Former Ku Klux Klan leader David Duke was busy on Twitter this weekend, showing his support for Syrian President Bashar Assad in a string of tweets after weighing in favorably on Iowa Rep. Steve King’s latest xenophobic remarks.

―but as ledes go, it seems significant that anyone should have cause to attempt such a sentence.

(more…)

What It Comes To (Pelican Nutsack)

Former Ku Klux Klan leader David Duke talks to the media at the Louisiana Secretary of State's office in Baton Rouge, Louisiana, Friday, 22 July 2016, after registering to run for U.S. Senate.  (AP Photo/Max Becherer)

If, for instance, this is not surprising―

Former Ku Klux Klan leader David Duke has qualified for a televised debate in Louisiana’s Senate race after a new poll showed him drawing 5 percent of the vote.

Duke, a white supremacist, announced he was running late this summer, saying GOP presidential nominee Donald Trump had inspired him and drawn more followers to his cause. Other Republicans in the state have disavowed him and the Republican National Committee and Louisiana GOP explored booting him out of the party.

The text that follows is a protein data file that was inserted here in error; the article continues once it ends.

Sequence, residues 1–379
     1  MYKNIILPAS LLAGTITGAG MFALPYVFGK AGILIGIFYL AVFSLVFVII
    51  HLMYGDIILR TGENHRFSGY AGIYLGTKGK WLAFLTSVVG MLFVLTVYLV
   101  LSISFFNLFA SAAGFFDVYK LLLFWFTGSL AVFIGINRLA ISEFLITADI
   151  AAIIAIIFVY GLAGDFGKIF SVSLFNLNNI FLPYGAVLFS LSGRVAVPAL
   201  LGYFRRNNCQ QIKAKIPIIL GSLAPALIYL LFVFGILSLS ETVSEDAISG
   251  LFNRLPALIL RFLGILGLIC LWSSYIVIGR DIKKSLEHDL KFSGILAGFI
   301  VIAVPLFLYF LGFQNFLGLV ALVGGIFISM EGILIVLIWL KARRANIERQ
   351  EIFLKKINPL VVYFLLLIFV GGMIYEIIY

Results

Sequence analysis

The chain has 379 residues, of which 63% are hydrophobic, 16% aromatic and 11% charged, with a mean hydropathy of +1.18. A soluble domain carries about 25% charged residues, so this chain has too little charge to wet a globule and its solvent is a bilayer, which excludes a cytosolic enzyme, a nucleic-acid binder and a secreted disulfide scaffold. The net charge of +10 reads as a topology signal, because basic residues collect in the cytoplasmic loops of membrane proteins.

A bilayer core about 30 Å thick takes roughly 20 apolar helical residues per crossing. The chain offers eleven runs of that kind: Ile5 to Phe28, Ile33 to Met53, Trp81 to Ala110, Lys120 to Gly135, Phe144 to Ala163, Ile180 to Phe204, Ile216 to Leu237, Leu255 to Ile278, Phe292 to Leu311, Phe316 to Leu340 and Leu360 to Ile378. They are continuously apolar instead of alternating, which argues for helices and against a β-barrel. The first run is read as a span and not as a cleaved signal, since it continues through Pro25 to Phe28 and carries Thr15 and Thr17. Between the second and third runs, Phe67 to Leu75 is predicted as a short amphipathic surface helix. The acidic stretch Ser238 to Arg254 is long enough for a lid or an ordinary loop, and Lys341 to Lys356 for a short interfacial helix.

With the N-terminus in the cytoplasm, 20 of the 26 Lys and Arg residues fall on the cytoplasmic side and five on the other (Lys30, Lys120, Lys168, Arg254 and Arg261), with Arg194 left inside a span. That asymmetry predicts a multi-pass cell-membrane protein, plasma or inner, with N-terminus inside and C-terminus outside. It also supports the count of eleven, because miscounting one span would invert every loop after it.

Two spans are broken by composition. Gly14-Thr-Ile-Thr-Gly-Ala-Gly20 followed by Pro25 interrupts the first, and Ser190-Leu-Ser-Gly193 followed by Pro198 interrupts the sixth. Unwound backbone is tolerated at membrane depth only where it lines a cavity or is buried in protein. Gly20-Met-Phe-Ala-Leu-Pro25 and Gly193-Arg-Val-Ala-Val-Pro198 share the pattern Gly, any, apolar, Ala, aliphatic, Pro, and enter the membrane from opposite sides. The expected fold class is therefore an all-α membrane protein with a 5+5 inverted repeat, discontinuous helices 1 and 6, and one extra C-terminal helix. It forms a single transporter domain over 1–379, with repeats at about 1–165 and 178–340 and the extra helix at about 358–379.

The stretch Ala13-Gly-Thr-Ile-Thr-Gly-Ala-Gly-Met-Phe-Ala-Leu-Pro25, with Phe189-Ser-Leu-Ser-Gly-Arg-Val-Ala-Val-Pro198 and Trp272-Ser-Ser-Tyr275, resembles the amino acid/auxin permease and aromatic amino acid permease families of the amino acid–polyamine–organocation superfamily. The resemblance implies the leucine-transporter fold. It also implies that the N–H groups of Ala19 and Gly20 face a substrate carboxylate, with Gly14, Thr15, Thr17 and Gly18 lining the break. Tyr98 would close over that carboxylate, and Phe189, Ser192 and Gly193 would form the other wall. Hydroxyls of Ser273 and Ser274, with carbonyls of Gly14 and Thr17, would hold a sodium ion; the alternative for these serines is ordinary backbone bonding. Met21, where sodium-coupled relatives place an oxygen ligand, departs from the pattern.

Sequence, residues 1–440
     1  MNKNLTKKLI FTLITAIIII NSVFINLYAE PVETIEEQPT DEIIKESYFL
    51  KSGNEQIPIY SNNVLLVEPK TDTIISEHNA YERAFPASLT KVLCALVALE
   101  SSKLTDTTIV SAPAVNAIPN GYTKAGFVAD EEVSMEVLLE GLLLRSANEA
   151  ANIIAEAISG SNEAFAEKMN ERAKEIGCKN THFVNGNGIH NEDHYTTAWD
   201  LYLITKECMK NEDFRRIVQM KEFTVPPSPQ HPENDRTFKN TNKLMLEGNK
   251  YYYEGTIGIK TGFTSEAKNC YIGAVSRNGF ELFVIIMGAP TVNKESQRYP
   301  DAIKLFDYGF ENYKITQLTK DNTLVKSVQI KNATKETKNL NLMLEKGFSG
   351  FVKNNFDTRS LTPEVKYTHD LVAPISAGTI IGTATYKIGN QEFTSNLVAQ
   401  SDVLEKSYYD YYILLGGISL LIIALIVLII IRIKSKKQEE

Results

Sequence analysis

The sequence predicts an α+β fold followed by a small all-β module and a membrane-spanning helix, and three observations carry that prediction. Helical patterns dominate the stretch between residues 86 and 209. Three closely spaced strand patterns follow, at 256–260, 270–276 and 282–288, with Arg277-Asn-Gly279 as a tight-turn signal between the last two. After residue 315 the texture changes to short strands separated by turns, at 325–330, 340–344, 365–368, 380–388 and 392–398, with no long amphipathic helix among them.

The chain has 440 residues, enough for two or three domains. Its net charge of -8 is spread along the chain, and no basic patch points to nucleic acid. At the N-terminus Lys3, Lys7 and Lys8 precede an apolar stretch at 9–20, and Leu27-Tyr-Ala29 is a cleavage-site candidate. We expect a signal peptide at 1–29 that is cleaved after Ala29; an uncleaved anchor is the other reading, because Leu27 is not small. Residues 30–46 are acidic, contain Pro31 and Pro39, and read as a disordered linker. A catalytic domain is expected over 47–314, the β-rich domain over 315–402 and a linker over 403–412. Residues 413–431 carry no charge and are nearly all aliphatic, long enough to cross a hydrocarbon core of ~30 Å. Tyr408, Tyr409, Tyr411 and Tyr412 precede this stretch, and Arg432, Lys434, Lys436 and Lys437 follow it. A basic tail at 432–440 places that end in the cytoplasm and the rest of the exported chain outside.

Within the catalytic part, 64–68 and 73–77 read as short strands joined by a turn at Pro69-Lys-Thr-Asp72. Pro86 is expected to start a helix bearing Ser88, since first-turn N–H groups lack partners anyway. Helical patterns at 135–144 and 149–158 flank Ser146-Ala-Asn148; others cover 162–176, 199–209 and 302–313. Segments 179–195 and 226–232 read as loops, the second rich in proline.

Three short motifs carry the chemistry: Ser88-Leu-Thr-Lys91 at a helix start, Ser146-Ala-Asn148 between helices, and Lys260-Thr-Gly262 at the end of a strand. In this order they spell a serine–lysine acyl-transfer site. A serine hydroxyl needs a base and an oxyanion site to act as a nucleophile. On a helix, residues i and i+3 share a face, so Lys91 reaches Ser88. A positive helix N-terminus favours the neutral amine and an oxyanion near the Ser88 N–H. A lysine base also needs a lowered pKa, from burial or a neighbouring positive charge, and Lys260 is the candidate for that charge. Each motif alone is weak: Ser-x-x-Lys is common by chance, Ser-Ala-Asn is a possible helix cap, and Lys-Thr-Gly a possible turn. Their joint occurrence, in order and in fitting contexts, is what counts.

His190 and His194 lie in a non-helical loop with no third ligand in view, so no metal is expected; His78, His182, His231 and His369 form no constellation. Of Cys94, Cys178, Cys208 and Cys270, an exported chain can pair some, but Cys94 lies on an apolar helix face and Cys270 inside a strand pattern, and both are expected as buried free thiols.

Raycom Media, which owns four television stations in the state, commissioned a poll to determine who would qualify for the Nov. 2 debate, and Duke met the 5 percent threshold, according to the Baton Rouge Advocate. Dillard University, a historically black university in New Orleans, is hosting the debate.

(Robillard)

―can we at least say this is disappointing?